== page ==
According to Hoewyk (, an associate professor at Coastal Carolina University, it is wrong to put genetically modified foods (GMOs) into the same category as food products containing artificial flavors and additives. He claims that it would be wrong to attach a label of unnatural to food products exposed to the process of mutagenesis because the process in which crops are exposed to mutagens, for better taste and increased yield, is also used for cultivation of organic foods. Not only Doug Van Hoewyk, but Richard Williams also claims that GMOs are perfectly safe, because almost every scientific institution has verified that eating GMOs is not harmful, and that farmers are also modifying foods for thousands of years. However, research shows that there are reasons why it is important not to categorize GMOs under the same category of ‘natural’. Many studies show that due to the prevalence of GMO foods in the market, many adults as well as children in the USA and Europe have turned allergic (Lendman, to peanuts and other foods. The confirmation made by the Centers for Disease Control and Prevention (CDC) regarding the increasing number of cases of allergic reaction in the general population also supports the same fact. In 1996, a company called Pioneer Hi-Bred infused Brazil nuts into soybeans to improve the protein content with little consideration to the fact that some people are so allergic to these nuts that a single morsel can send them into a fatal anaphylactic shock (Hanlon 21). Thus, GMO foods contain allergens can be harmful for people susceptible to allergies, and it is wrong to label a food carrying genetically engineered ingredients as natural and safe.
Richard Williams and Doug Van Hoewyk might say that it is difficult to label a food according to some people, who are prone to allergies. They may say that these people can face the problem of anaphylactic shock anywhere in the world due to the presence of allergens in the air, and for that reason it would be foolish to say that the air containing allergens should be labeled as dangerous. However, GMO foods are harmful not only to allergic people. There is evidence that in order to make the business of milk production more profitable, big corporations like Monsanto inject protein hormones like rBGH to stimulate the pituitary glands of cows, so that the produced milk is more in amount. rBGH is a genetically engineered growth hormone that increases IGF-1, a powerful chemical hormone, which may cause prostate, colorectal, and breast cancer (Lendman, When the harm caused by genetically engineered organisms can affect all kinds of people, it is wrong to deceive customers with the label ‘natural’ on foods that are not safe to eat. People have the right to know that they are eating a genetically modified food and not a wholly natural food as the misleading label claims.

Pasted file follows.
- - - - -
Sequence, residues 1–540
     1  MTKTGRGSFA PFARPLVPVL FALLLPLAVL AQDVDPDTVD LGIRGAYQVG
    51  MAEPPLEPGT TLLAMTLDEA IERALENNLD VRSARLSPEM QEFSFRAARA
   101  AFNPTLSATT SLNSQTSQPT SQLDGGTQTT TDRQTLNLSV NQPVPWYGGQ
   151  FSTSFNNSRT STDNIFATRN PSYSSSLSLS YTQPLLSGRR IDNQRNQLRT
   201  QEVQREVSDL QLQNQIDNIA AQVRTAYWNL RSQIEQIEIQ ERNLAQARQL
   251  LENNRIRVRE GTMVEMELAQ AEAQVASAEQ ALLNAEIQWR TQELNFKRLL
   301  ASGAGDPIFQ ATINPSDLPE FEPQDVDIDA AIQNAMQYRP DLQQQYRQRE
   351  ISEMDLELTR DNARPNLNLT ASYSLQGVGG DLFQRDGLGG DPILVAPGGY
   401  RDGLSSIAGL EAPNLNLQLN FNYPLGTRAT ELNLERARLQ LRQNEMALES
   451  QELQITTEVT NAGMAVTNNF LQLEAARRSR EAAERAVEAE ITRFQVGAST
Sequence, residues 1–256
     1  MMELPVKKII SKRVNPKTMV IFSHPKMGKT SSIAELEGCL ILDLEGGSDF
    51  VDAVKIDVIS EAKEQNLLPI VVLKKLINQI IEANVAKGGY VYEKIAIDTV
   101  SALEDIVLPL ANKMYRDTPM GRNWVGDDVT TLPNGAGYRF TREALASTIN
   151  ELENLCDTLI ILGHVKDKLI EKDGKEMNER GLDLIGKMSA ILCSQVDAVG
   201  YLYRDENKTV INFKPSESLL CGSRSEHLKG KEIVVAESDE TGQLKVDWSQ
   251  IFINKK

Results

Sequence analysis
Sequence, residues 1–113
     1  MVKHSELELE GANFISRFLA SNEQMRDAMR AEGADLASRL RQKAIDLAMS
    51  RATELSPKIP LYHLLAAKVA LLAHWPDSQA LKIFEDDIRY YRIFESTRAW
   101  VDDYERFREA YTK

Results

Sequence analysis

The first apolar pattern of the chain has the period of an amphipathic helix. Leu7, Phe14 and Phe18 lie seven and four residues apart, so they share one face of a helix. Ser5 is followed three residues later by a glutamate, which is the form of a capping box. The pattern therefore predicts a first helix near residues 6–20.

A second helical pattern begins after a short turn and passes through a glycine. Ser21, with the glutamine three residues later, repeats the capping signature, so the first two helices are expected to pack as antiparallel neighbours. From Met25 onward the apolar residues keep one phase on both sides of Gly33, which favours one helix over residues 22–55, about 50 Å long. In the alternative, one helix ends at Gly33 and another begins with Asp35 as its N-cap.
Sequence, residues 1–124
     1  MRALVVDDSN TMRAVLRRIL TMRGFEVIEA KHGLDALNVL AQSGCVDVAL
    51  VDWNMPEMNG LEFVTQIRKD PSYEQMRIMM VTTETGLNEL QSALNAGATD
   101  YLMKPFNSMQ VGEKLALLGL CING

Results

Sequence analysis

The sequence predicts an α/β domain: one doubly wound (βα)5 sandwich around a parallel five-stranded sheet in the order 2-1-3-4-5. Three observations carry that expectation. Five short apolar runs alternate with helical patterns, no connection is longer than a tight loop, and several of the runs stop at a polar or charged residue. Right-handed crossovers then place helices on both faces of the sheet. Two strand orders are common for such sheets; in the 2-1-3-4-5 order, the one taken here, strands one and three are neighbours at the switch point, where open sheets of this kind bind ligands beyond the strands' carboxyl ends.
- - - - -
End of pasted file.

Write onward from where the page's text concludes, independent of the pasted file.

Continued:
Concluding Remarks

In conclusion, the word ‘natural’ has been frequently used to label food products in order to impress the consumers, but most often the food products sold in the market as ‘natural’ contain not only artificial colors, additives and flavors, but they also carry genetically engineered organisms or ingredients. Despite the sayings of opponents that it is difficult to provide a definition for the word ‘natural’, and GMOs are safe products; it is wrong to sell products as something they are not. If a food product is infused with artificial colors and flavors, it should not be marketed as natural. If a food contains genetically modified organisms, it should not be marketed as natural, because in that case the meaning of ‘natural’ is warped. In the absence of an explicit definition of the word ‘natural’, it is frequently misused by food-product companies. It is the time when FDA has to define the word ‘natural’, marking the attributes of ‘natural’ products, so that there would be no place for confusion.

Work Cited

Hanlon, Michael. "Designer Genes/the Case against Gmo’s." NEWSLETTER (2012). Print.
Hoewyk, Doug Van. "Calling G.M.O.’S ‘Unnatural’ Suggests They Are Unhealthy". The New York Times. 10 Nov. 2014. Web. 19 Feb. 2015 <>
Lendman, Stephen. "Monsanto’s GMO Killer Seeds: Profits Above Human Health". Global Research. 26 May 2013. Web. 19 Feb. 2015 <>
Lustig, Robert. “F.D.A. Must Define, and Enforce, the Term “Natural””. The New York Times. 11 Nov. 2014. Web. 06 Mar. 2015 <>
Rangan, Urvashi. “Ban ‘Natural’ as a Marketing Label on Foods”. The New York Times. 11 Nov. 2014. Web. 19 Feb. 2015 <>
Weise, Elizabeth. "66% of consumers wrongly think "natural" means something". USA Today. 17 Jun. 2014. Web. 19 Feb. 2015 <>
Williams, Richard. "Defining ‘Natural’ Is a Waste of F.D.A. Resources". The New York Times. 10 Nov. 2014. Web. 19 Feb. 2015 <>

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"Good Example Of Argumentative Essay On Food Labels And Their Use Of Word "Natural"," Free Essay Examples -, 10-Dec-2020. [Online]. Available: [Accessed: 15-Jun-2024].
Good Example Of Argumentative Essay On Food Labels And Their Use Of Word "Natural". Free Essay Examples - Published Dec 10, 2020. Accessed June 15, 2024.